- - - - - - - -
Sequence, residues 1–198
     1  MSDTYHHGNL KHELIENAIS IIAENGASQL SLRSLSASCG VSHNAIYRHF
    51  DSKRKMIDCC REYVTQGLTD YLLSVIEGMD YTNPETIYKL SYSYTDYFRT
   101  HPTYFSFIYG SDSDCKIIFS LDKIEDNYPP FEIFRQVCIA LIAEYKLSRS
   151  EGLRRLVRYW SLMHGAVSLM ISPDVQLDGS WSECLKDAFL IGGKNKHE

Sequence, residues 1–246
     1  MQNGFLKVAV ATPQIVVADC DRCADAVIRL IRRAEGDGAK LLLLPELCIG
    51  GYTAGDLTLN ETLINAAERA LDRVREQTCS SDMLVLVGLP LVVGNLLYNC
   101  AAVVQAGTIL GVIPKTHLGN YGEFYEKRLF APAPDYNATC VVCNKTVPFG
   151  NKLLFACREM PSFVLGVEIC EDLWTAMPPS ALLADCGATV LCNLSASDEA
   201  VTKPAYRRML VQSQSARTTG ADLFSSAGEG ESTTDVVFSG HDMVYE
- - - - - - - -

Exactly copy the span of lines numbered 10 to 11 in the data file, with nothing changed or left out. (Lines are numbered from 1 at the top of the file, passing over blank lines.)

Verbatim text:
   151  NKLLFACREM PSFVLGVEIC EDLWTAMPPS ALLADCGATV LCNLSASDEA
   201  VTKPAYRRML VQSQSARTTG ADLFSSAGEG ESTTDVVFSG HDMVYE